Islands and for those from the Island of Truk in
the South Pacific.
Bay Clinic is operating the program effectively with non-physician health
care providers: Advance Practice Registered Nurses, Physician Assistants,
Registered Dietitians and Behavioral Health staff. A physician is available
a program started
To establish a self-supporting diabetes education program like the Bay Clinic’s,
(where staff time for the education will be paid for by health insurance companies
and Medicare) an entity must become certified by the American Diabetes Association
(ADA). When this is achieved, all health insurers are likely to allow billing
for diabetes education services. In Hawaii it was finally discovered that providers
do not have to be Certified Diabetes Educators (CDE). The Hawaii Medical Service
Organization position was that that staff did not have to be CDEs, but they had to be eligible to be CDEs. This new arrangement from HMSA gave the Bay
Clinic’s diabetes program the ability to bill for education by a Registered
Nurse, a Registered Dietitian, a Medical Doctor and an Advanced Practice Registered
Nurse, all professions that are eligible to become CDEs. Years later, at the time this report was written, Stacy Haumea, who
is the Director of Diabetes Education at the Bay Clinic and is a Registered Dietitian, has become a Certified Diabetic Educator. While the ADA
application process is underway, health providers are able to bill for
medical consultation services that are provided after the diabetes classes.
HIOne of the program’s goals was financial
sustainability through revenue collected for diabetes education services
rendered. The Clinic achieved this in 2009. Grant funding helped sustain
program costs until certification was received. This involved obtaining
grants and assistance from local health insurers, pharmaceutical companies,
foundations and food stores. Each step in the process is described in the
To to To understand their daily patterns of food, water and
exercise, many people find it helpful to keep a detailed
diary for a few weeks or longer as Pearl Kadota shows
us. As part of learning to take care of themselves
and their diabetes, in the middle photograph Kenton
Aichele is taking Jim Foxworthy's blood pressure
before the start of a support group meeting.
Complete Program Study is available only on Bay
Clinic Diabetes DVDs To
obtain the two Program Study DVDs as described
in this text, send $15 for the Diabetes
Program DVDs to the Bay Clinic, 224 Haili Street,
Suite B, Hilo, HI 96720, attention Monica Adams.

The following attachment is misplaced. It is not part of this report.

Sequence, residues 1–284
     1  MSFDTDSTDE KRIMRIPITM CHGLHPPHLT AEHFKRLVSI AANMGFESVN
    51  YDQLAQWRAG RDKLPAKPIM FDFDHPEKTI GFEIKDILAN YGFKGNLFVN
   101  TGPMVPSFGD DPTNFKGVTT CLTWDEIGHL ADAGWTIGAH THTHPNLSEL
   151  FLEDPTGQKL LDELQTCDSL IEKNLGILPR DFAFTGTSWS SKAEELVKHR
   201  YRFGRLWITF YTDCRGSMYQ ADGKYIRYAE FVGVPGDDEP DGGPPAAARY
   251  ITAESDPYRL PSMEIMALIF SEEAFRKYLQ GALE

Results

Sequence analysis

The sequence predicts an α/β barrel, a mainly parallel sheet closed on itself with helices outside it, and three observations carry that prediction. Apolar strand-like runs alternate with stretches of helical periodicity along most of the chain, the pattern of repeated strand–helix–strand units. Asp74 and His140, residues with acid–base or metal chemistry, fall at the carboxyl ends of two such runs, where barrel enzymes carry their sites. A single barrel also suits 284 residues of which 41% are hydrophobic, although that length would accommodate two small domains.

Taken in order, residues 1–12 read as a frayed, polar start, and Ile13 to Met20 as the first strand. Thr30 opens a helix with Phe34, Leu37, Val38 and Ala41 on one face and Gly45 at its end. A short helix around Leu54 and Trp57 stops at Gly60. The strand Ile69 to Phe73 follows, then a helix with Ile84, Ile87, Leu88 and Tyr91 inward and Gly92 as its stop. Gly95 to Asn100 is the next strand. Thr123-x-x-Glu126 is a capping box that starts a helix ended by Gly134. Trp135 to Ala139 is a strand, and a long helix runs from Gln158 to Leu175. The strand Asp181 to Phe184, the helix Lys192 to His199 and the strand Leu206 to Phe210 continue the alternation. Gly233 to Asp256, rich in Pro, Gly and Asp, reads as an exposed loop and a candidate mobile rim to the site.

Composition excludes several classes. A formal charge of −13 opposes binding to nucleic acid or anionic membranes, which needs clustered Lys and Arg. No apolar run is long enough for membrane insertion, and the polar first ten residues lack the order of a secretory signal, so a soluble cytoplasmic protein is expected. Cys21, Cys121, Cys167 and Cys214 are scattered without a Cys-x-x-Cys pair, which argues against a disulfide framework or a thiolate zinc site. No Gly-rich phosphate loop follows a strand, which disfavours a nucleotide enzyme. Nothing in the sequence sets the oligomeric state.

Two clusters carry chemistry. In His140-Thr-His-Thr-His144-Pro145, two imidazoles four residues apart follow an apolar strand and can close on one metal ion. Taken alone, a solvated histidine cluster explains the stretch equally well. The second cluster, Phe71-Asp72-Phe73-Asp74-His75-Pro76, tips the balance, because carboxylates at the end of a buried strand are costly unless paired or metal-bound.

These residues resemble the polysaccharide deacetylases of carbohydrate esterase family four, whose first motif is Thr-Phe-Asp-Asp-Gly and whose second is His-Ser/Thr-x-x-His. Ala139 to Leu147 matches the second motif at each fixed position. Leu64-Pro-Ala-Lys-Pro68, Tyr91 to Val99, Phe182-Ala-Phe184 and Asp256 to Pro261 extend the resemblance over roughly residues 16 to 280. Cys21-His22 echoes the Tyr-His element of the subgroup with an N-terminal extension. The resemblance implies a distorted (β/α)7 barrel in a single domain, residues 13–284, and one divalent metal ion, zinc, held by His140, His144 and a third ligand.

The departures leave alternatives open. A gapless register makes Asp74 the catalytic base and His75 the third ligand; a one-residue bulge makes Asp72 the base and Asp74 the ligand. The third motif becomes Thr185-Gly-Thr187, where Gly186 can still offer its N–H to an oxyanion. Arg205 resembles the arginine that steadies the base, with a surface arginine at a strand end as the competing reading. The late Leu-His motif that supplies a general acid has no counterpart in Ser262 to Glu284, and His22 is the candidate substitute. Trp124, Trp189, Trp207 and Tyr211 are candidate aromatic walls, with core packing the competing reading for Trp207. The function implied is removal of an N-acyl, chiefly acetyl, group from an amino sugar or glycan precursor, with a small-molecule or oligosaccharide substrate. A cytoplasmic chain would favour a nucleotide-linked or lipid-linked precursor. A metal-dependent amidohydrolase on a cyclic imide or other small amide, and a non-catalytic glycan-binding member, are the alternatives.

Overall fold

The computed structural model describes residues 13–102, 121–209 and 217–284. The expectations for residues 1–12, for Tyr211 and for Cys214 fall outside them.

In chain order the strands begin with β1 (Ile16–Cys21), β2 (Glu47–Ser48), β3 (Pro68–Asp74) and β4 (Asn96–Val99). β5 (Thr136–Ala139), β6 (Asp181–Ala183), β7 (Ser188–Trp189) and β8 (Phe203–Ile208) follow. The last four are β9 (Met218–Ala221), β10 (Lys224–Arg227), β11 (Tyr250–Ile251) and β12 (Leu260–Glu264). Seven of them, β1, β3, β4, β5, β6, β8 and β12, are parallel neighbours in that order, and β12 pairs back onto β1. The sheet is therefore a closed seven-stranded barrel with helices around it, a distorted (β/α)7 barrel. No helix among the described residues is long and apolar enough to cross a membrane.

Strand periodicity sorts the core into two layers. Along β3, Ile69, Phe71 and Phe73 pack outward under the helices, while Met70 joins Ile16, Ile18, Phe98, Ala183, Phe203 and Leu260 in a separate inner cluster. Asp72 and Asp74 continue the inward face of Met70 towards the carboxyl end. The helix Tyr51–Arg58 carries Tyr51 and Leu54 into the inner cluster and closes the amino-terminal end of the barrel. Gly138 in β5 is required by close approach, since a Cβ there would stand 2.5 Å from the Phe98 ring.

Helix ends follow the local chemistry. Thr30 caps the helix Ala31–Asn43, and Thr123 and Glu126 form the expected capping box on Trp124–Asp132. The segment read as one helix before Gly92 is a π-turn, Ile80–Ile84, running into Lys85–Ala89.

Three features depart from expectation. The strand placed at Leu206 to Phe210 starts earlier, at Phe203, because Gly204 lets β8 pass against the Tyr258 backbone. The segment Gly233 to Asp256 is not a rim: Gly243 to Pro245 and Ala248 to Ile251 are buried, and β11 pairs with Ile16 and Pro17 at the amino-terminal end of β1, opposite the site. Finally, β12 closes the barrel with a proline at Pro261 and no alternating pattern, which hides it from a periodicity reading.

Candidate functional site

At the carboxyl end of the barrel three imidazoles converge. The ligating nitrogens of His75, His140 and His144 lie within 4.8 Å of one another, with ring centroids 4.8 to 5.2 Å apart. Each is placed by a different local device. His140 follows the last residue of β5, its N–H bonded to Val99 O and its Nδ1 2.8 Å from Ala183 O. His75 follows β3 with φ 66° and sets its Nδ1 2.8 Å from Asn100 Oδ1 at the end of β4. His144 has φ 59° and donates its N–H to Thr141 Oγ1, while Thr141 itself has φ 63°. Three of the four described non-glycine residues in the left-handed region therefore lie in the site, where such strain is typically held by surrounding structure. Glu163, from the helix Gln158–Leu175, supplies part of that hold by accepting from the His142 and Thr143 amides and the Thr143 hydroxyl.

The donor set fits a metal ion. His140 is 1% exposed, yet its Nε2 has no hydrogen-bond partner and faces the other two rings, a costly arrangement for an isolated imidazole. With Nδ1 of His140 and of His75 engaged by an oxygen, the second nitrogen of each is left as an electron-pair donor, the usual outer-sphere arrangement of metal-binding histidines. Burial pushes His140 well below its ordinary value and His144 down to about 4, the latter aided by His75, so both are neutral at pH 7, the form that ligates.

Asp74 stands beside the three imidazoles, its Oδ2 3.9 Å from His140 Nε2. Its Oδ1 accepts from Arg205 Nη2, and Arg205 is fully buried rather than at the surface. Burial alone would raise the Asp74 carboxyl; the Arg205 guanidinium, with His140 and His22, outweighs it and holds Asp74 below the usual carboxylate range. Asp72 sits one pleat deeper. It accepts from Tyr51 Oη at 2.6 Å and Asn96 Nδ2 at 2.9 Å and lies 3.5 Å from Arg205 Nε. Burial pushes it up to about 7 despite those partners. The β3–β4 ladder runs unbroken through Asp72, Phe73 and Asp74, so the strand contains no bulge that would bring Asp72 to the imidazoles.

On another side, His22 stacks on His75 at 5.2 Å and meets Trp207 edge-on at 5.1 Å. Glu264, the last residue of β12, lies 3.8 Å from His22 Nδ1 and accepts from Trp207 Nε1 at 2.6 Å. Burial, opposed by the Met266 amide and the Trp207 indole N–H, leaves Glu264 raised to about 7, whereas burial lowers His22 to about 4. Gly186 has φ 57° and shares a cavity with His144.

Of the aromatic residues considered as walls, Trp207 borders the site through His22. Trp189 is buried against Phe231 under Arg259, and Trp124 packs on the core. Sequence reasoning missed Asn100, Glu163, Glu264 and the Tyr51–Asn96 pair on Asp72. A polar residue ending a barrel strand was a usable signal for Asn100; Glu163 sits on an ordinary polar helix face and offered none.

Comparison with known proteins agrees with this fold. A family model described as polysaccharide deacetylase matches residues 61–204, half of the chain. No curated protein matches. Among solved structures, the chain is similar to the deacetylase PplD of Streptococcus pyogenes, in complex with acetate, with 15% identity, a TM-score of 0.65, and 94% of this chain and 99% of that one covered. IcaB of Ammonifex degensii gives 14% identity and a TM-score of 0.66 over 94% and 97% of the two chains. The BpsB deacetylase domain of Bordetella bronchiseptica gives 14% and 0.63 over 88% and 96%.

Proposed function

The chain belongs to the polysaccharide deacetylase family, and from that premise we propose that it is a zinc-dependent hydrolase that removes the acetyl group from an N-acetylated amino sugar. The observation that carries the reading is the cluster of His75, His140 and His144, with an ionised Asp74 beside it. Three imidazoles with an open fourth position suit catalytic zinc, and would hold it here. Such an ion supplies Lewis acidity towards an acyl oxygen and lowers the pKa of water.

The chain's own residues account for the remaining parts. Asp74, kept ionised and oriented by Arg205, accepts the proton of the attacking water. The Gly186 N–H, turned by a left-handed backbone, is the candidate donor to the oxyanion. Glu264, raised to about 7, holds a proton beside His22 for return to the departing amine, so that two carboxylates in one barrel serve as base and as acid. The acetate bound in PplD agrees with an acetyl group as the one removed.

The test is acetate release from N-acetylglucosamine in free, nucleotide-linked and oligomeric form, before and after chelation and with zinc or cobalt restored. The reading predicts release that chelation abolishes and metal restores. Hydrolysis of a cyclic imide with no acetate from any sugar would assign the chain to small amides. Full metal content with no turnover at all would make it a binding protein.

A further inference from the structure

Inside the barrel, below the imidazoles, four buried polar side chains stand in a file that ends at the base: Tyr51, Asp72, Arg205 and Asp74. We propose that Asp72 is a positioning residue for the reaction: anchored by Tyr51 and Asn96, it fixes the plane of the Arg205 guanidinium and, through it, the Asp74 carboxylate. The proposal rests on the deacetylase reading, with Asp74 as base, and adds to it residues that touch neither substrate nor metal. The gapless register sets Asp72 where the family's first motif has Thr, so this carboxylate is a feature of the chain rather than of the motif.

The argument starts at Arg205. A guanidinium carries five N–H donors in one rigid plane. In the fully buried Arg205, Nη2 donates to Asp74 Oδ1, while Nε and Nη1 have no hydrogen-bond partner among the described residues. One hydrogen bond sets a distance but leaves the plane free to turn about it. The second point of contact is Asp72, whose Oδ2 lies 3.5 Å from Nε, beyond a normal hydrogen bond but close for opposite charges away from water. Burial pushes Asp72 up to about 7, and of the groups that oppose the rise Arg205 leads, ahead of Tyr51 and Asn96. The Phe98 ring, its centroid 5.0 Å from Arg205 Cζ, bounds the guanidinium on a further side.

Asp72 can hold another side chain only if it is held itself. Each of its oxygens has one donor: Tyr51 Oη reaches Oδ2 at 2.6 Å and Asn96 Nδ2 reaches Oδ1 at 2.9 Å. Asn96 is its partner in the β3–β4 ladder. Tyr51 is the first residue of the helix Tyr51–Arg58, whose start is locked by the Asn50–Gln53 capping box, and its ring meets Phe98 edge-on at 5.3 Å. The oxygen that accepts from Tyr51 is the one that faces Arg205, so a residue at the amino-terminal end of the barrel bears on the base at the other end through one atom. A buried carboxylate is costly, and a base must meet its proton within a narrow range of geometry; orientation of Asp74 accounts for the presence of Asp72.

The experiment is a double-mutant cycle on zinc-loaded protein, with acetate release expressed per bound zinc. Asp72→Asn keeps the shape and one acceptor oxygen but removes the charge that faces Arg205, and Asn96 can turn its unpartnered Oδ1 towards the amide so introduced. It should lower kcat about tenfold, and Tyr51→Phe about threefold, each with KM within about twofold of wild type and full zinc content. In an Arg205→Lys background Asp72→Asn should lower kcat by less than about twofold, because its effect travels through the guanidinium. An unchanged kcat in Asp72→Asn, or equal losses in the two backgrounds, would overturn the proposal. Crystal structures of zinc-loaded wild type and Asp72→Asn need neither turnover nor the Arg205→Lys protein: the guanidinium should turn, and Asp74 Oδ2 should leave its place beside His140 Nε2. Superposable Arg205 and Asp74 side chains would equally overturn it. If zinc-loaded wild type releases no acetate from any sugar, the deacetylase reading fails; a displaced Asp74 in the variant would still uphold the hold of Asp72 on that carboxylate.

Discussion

This will cover disc duplication, labeling, and postage. mi mi miAvailable here and on the DVDs from the Bay Clinic are the
Procedures and Forms the Bay Clinic has created
to implement the program. This section is a
detailed guide to create a program, along with
the Program Study. Other items available here are a Basic Diabetes Library list, and
Internet Resources for Diabetes. Included on the DVDs are a copy of the original Quality
Improvement Plan with a 2009 update showing
how the Clinic has implemented the Chronic
Care Model, copies of a diabetes program proposal
and final report to the funder, a Bay Clinic
Brochure, sections that include news and magazine articles
about the program, and all Bay Clinic PowerPoint presentations
about the program.
addition, a section on graphics is available on the DVDs. One of the patients
created a vegetable alphabet that Bay Clinic is using to create
posters for the monthly meetings in the local park. It was also
used to create the Warriors Against Diabetes logo. Since food is
an important part of the solution to diabetes, other diabetes programs
may want to use the alphabet. The group has t shirts available
with the Warriors logo.
available on Diabetes DVD 2 from the Clinic is a session showing the
visit with the Warriors in 2008 by Dr. Richard Jackson of the Joslin
Diabetes Center in Boston and an interview by Charlotte Grimm of Dr.
Dijon Lim, a Hilo cardiologist talking about the relationship of heart
disease and diabetes. Diabetes DVD 1 contains the Program Study and the
items described above, for those who cannot download the information
over the Internet.
of the study include Tom Whitney, a writer and diabetes patient at the
Bay Clinic; Charlotte Grimm, an Advanced Practice Registered Nurse who
helped start the program and is Director of Clinical Operations at the
Bay Clinic; Stacy Haumea, Nutritionist, Registered Dietitian and Certified
Diabetes Educator who is the Director of Diabetes Education
at the Clinic; and Monica Adams, a mental health counselor who is also
the Development Director at the Bay Clinic.
questions about the study can contact Monica Adams at (808) 961-4080
or by email at email@example.com.
Summary of Bay Clinic's Diabetes Self-Management
Education Program Highlights
The Program Summary and the Bay Clinic Diabetes
DVD offer a blueprint of the diabetes program developed
at Bay Clinic, Inc., that could be applied in other
Bay Clinic, Inc., is a nonprofit, Federally Qualified
Community Health Center on Hawaii‘i Island. Bay Clinic
is part of the national health safety net for low income,
uninsured and medically under-served populations.
In 2009, the federal government ranked the Bay Clinic
first among 44 rural facilities nationwide, including
one run by the Mayo Clinic, for its service to people